How America Can Keep From Losing in the South China Sea

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Washington is losing ground in the South China Sea, and risks making the situation lasting unless America imposes “real” strategic costs to China.
Part one of this two-part series provided strategic perspectives and context to the recent uptick in tensions in the South China Sea (SCS) following a year of relative calm since the International Tribunal of the Permanent Court of Arbitration at the Hague handed down its historic and sweeping award on maritime entitlements in the SCS last July. With this backdrop, part two will now examine ways and means the United States can regain the strategic initiative, recover the high ground of regional influence, and stave off losing in the SCS.
 
How America Can Reverse The Tide in the South China Sea
 
Washington is losing ground in the SCS and greater Southeast Asia, and risks making the situation lasting unless it imposes “real” strategic costs to Beijing (and conversely accepts own strategic costs). Following are some ways and means to change the trajectory:
 
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Embrace Strategic Competition. When two powers, one dominant (United States) and one rising (China), with competing regional strategies extend into one’s another security and economic spheres, the geopolitical landscape is ripe for friction. This competition is not to be feared but to be expected and embraced. Hence, play the Chinese game of “go” and not the Western game of “chess” in the SCS.
 
Continue to reframe the SCS as a strategic problem that directly involves the United States obliges China to act accordingly. Explicitly conveying to Beijing that the SCS is a U.S. national interest, and making the SCS a “bilateral” U.S.-China issue may lead Beijing to rethink and recalibrate its strategy. Put simply, turn the table and make Beijing decide which is more important to its national interests – the SCS or its strategic relationship with Washington.
 
In this vein, the U.S. should stay firm and consistent to stated SCS positions – no additional island-building; no further militarization; no use of force or coercion by any of the claimants to resolve sovereignty disputes or change the status-quo of disputed SCS features; substantive and legally binding Code of Conduct (COC) that would promote a rules-based framework for managing and regulating the behavior of relevant countries in the SCS; and permissibility of military activities in the exclusive economic zone (EEZ) in accordance with United Nations Convention on the Law of the Sea (UNCLOS). Otherwise, deferring to Beijing on aforesaid issues only reinforce the perception in Beijing that Washington can be influenced and maneuvered with little effort. And that’s a game China will win time and time again.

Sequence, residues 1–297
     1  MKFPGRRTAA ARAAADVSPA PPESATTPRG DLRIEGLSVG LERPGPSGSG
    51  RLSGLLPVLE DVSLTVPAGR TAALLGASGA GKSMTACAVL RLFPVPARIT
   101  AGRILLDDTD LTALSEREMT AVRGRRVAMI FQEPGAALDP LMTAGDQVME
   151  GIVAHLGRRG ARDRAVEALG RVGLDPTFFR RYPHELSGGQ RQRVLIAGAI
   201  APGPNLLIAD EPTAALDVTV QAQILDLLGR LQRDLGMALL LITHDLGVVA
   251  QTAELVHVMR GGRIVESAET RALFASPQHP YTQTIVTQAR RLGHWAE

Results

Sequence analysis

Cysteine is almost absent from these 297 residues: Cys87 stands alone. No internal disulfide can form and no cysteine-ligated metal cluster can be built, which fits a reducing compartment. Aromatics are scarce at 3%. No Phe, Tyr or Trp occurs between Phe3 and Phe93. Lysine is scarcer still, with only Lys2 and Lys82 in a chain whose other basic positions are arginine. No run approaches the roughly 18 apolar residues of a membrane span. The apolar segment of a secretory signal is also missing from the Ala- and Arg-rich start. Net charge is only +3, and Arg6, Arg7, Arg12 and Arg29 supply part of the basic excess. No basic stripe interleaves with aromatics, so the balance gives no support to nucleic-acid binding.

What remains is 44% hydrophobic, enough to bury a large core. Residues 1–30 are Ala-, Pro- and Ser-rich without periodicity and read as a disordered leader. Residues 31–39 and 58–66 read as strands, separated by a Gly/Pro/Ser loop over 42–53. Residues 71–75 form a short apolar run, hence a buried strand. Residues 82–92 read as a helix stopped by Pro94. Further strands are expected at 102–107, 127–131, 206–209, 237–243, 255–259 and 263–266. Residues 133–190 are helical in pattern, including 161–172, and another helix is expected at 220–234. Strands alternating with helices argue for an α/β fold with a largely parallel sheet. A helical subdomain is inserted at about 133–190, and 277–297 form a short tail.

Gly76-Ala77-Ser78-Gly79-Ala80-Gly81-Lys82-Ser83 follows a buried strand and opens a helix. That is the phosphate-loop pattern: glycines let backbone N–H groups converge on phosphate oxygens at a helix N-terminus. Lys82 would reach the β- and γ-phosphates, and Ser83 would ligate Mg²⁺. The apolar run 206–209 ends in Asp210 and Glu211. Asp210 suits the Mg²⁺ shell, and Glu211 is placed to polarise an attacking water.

Maintain U.S. Attention and Focus. In the coming years, the “most effective counterbalance or check” to China’s campaign of tailored coercion in the SCS will be continued U.S. attention and focus in the form of integrated and calibrated soft and hard deterrent powers (multilateral diplomacy, information dominance, military presence, and economic integration) to reassure allies and partners; demonstrate resolve and commitment; enhance force posture, capabilities, and readiness; bolster economic ties with multilateral and bilateral trade agreements; and dominate the strategic narratives. All in all, if done right, these synchronized and complementary lines of effort will impose the largest strategic costs to Beijing.
 
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